All Things Outdoors: Foraging for Fungi
A small group of six humans and two dogs make our way down an old logging road.
To not give away anyone’s favorite mushroom foraging spots, all I’ll say is we’re at a State Natural Area in Oneida County.
It’s a cool August morning and after a week of rain, mushrooms of all varieties are starting to pop up.
We don’t make it more than a couple yards down the path before the first one is spotted.
“This is a Suillus. You can feel the cap, they're almost always slippery. When they dry, they're sticky. They're usually called slippery Jacks or slippery Jills,” said Scott Van Egeren. He can identify many of the edible mushrooms that grow in the Northwoods.
“They're just not the greatest tasting things like I don't tend to pick the Suillus and eat much,” he said. “They have kind of like a livery taste like if you'd like that flavor like the Suillus aren't like bad mushrooms. It's just that they're much better ones. I just tend to toss them.”
Van Egeren and Carly Lapin are leading the morning expedition, teaching some of the basics of mushroom foraging. Both have years of experience.
“Just because you can eat it doesn't mean you want to eat it necessarily. You can kind of try different ones and develop or figure out if you like them or not,” said Lapin.
The two take the time to show distinct marks and characteristics on each kind of mushroom that can make them easier to identify.
“You want to usually cut like cut them in half,” said Lapin as she cuts a knife through a white mushroom. “There are a couple of different puffball look-alikes that you want to make sure you don't have. But if they're white and solid on the inside, then they're puffballs. They kind of have like ricotta cheese texture and they take on whatever flavor you cook them.”
Given how dry this summer has been there haven’t been a whole lot of wild mushrooms on the landscape.
Mushrooms thrive in moist environments.
“State natural areas tend to be really good because there's lots of old trees and lots of wood on the ground. But anywhere there's old trails or roads, those are also really good places to look,” said Lapin.
With the recent rainfall, our group ended up finding quite a few varieties like Chanterelles and black trumpets.
“They smell a little bit like blue cheese. They're related to Chanterelles also,” Lapin explained about the black trumpets. “They taste amazing. Like really good.”
Van Egeren and Lapin both say their love of the outdoors and food got them into foraging.
“I like eating mushrooms. I like being outside hiking, and it's a good way for me to slow down because I'm a fast-paced person. It's a nice way to like, just look around and like slow down a little bit,” said Lapin.
“It's the same. I mean, I like eating a lot. There are a lot of edible mushrooms and a variety of flavors and textures. So I like that,” said Van Egeren. “I agree that it's nice to just slowly walk because you can not go very far at all and find lots of mushrooms. And it's nice to look at the small things in the world and notice them.”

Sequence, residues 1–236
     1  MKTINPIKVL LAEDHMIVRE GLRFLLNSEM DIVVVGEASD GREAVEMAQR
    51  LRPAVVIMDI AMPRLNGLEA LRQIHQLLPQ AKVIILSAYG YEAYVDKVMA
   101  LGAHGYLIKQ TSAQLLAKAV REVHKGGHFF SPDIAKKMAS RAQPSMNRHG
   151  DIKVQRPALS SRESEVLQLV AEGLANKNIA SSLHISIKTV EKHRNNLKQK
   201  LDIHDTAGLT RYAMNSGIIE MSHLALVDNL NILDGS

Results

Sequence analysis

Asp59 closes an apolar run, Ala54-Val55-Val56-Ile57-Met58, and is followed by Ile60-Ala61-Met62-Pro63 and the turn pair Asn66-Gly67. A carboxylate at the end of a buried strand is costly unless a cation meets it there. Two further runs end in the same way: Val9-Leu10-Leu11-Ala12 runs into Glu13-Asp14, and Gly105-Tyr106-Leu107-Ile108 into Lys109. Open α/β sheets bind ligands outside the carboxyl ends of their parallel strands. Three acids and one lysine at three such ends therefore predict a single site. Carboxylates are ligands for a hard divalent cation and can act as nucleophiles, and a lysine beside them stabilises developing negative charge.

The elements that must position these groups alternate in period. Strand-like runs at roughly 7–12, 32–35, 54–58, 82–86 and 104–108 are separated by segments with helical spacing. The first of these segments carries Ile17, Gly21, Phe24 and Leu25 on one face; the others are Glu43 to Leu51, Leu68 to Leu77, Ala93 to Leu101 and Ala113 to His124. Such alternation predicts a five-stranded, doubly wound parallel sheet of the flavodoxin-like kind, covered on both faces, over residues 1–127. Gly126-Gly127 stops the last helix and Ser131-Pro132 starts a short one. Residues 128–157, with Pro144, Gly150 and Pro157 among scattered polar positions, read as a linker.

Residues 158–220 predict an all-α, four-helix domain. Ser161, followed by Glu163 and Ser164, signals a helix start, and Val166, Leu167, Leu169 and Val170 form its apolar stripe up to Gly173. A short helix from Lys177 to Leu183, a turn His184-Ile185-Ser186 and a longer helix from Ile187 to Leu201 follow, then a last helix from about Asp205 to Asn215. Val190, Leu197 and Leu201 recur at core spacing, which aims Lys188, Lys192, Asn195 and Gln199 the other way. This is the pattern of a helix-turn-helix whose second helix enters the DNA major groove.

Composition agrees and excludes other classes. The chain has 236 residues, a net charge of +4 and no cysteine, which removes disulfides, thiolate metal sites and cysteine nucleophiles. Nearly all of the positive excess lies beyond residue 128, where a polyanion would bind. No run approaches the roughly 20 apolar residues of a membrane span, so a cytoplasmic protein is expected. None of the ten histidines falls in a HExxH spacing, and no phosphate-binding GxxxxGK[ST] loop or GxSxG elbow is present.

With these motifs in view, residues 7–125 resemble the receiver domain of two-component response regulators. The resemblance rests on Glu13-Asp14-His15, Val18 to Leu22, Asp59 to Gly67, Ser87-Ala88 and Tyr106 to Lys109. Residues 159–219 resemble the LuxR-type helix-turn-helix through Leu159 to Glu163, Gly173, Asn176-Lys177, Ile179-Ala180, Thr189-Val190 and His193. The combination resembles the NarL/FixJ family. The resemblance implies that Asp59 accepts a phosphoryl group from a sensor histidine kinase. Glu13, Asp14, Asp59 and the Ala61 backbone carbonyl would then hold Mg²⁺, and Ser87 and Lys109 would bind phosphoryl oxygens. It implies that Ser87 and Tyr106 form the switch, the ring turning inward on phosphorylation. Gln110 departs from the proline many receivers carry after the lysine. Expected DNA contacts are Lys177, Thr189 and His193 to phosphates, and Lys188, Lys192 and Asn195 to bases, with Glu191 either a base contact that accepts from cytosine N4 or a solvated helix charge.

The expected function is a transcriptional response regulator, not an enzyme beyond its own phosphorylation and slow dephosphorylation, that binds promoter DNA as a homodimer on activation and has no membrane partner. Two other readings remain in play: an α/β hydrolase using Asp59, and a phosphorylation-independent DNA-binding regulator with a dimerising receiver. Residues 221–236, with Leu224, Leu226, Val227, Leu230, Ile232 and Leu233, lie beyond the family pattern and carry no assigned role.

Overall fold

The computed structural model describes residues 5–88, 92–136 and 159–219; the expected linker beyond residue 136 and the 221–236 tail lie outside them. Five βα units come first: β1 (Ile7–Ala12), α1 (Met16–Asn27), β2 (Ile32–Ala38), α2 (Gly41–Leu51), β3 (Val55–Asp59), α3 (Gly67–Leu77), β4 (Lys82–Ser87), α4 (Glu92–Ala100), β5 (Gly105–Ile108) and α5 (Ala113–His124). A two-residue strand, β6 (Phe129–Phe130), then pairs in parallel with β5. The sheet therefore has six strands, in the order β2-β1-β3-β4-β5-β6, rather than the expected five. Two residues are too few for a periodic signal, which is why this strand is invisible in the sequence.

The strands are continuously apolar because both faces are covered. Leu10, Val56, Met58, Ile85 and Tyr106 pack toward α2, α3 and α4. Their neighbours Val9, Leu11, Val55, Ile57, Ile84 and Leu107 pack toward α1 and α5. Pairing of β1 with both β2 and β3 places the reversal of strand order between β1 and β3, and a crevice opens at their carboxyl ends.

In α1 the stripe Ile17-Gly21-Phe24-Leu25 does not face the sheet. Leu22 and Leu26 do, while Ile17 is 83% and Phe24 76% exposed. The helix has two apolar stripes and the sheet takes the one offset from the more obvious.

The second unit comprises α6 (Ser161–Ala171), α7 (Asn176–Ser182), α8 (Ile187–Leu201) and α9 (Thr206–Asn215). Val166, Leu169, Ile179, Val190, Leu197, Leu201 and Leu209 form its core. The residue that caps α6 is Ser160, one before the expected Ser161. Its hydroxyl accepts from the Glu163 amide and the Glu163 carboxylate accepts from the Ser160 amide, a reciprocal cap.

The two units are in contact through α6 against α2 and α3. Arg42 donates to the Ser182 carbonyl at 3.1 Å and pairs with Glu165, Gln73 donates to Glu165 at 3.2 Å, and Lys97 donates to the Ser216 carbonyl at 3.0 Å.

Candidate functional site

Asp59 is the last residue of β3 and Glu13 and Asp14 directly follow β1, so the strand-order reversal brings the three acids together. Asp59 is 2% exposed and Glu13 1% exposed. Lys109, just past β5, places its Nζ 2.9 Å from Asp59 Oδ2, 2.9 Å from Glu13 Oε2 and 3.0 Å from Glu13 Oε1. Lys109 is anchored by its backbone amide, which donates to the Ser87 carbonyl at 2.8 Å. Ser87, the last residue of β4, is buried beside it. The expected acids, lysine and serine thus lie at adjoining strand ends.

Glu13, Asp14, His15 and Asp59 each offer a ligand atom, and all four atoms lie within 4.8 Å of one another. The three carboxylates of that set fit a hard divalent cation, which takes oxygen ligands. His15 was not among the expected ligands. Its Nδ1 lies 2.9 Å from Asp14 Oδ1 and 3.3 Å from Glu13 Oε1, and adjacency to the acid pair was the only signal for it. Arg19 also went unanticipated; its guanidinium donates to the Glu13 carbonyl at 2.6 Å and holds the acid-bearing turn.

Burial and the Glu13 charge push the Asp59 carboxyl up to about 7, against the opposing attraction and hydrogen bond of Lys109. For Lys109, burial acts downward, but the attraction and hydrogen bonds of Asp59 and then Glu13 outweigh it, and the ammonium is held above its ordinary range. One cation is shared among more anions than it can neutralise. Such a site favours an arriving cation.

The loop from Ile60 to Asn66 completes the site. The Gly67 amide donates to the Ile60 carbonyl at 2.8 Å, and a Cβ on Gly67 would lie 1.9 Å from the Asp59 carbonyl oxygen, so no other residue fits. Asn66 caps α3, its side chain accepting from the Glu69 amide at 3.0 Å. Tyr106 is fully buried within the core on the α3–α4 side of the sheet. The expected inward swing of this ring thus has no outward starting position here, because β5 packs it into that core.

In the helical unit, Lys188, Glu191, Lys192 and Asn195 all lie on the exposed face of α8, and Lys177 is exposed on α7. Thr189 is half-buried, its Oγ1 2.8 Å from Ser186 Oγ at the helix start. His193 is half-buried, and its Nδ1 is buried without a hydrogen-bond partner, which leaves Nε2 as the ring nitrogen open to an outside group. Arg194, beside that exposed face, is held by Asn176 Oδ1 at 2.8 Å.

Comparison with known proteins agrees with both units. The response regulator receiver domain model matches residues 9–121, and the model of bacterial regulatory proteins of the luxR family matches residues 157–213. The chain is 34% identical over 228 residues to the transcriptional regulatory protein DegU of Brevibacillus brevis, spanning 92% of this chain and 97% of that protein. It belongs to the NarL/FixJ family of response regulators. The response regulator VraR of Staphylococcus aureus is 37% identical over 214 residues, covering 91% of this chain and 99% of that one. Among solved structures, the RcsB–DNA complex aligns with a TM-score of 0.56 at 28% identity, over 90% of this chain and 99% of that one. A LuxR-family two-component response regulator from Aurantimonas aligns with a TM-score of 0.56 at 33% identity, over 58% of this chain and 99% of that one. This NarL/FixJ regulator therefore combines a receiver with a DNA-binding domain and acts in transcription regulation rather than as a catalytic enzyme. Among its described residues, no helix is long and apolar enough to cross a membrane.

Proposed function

They do have some advice for people looking to get started.
Firstly, go out with someone who knows what they’re doing.
Van Egeren learned that one the hard way.
“I listened to some friends who were wrong and ate something that made me sick for a while. So after that, I took some years off and then like actually learned to ID things very well,” he said.
There are groups in the Northwoods like the North State Mycological Club that can help people starting off.
From there, they recommend getting your hands on a good guidebook specific to the region you’re foraging in.
Lapin says to take the time and just learn one or two edible species a year.
“I was just kind of interested in foraging and was with someone we found some morels. And that was really exciting. And then I kind of expanded from there just learning one or two species a year that are edible. And like focusing on those and not into mushroom ID so much is just foraging for edible mushrooms,” said Lapin.
It’s also a good idea to learn the deadly ones. Van Egeren pointed out the Destroy Angel on our hike, a white deadly mushroom found in the Northwoods.
“It's a liver toxin,” he said. “People don't do that much work [to correctly identify it] and they'd cut it in there and then they eat it. Then like you're fine for a couple of days and then your liver dissolves and you die.”
Van Eregen says the death rate used to be closer to 70% if you ate one, but it’s gone down as people have started to recognize it better and catch it more quickly.
Thankfully there are plenty of non-toxic mushrooms in the Northwoods to make up for avoiding ones like that.
And once you do take the time to learn the tasty ones, Van Egeren and Lapin agree you’ll find plenty to add to your favorite dishes.
“We live in a great location for like diversity of mushrooms, we have a really good climate and lots of different habitat types. And that lends itself to finding lots of really cool stuff,” said Lapin.